Brazil’s former vice president, Michel Temer, assumed power as interim president Thursday with an all-white, all-male Cabinet after the country’s Senate voted to suspend President Dilma Rousseff. She is accused of breaking fiscal and budget laws.

Temer, a member of the center-right, opposition PMDB party, has himself been implicated in Brazil’s massive corruption scandal involving state-owned oil company Petrobras. His swearing in marks the first time since 1979 that no women have been in the Cabinet.

In the video above, “Democracy Now!” hears from Andrew Fishman, a researcher and reporter for The Intercept working in Rio de Janeiro. Fishman discusses the role of the United States in protests against Rousseff and the background of Temer’s new Cabinet members.

On May 11, The Intercept’s Glenn Greenwald wrote of the seizure of power:

[Rousseff’s] successor will be Vice President Michel Temer of the PMDB party (pictured, above). So unlike impeachment in most other countries with a presidential system, impeachment here will empower a person from a different party than that of the elected President. In this particular case, the person to be installed is awash in corruption: accused by informants of involvement in an illegal ethanol-purchasing scheme, he was just found guilty of, and fined for, election spending violations and faces an 8-year-ban on running for any office. He’s deeply unpopular: only 2% would support him for President and almost 60% want him impeached (the same number that favors Dilma’s impeachment). But he will faithfully serve the interests of Brazil’s richest: he’s planning to appoint Goldman, Sachs and IMF officials to run the economy and otherwise install a totally unrepresentative, neoliberal team (composed in part of the same party – PSDB – that has lost 4 straight elections to the PT).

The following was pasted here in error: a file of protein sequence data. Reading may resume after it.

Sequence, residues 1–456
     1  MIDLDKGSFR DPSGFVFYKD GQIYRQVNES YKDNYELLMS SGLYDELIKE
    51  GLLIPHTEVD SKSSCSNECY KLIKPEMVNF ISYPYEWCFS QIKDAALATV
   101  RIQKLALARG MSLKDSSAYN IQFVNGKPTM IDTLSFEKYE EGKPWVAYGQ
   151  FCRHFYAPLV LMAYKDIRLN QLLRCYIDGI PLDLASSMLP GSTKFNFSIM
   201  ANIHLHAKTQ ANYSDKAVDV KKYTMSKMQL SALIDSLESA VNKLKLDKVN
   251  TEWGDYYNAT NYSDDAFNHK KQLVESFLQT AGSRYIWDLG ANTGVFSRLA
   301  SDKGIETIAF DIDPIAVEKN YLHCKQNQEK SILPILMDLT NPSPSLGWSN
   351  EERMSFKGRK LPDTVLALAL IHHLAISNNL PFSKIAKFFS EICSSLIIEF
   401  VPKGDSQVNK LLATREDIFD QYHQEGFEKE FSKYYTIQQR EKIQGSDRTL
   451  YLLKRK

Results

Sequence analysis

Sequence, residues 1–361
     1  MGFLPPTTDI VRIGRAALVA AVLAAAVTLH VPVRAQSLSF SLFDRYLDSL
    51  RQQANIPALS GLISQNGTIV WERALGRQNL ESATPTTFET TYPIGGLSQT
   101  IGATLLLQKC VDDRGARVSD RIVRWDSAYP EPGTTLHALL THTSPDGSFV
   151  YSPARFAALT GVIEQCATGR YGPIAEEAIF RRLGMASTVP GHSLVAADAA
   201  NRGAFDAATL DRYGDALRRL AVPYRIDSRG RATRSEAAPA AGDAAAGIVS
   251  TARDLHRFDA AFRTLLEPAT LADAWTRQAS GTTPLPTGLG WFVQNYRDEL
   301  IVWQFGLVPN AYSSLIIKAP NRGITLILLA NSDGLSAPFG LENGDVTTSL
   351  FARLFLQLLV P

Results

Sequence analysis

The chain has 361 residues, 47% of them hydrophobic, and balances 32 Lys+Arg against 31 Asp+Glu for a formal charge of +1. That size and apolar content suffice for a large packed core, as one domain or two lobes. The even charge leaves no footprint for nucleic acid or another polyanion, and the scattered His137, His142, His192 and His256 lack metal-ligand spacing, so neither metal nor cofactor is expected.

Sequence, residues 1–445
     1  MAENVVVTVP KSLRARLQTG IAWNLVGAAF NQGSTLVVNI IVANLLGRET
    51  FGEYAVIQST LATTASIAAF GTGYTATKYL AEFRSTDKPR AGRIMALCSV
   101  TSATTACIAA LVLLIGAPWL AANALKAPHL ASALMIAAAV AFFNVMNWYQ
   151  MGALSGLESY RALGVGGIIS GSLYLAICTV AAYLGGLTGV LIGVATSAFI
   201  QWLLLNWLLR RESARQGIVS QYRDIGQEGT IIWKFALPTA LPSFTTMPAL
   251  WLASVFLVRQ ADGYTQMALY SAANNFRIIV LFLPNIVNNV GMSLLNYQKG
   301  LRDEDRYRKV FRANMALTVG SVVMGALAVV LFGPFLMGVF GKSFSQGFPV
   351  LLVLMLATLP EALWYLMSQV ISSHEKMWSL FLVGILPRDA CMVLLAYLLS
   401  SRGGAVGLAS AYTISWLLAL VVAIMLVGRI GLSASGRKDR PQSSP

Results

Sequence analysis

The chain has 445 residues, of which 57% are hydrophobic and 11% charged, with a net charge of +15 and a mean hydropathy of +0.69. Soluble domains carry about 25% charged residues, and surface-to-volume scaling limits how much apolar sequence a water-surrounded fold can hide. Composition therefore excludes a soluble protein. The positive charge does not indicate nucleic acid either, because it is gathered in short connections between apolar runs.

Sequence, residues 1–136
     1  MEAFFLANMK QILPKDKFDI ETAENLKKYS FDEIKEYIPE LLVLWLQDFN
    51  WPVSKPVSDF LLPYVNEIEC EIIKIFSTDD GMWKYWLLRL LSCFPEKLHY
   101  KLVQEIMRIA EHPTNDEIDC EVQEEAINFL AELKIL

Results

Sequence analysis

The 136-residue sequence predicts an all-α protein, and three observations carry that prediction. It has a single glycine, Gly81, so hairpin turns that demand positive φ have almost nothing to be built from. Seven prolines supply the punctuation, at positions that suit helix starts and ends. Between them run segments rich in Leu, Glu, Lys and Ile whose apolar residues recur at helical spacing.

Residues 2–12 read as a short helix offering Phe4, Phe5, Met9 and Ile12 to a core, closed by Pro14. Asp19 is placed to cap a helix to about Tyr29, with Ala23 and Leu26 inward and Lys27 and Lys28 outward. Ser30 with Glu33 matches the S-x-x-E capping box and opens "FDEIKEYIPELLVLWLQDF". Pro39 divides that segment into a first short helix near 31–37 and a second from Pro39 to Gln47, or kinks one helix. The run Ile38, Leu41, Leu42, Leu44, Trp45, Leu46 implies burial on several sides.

None of this is a defense of PT. That party – as even Lula acknowledged to me in my interview of him – is filled with serious corruption. Dilma, in many critical ways, has been a failed president, and is deeply unpopular. They have often aligned with and served the country’s elite at the expense of their base of poor supporters. The country is suffering economically and in almost every other way.

—Posted by Alexander Reed Kelly.

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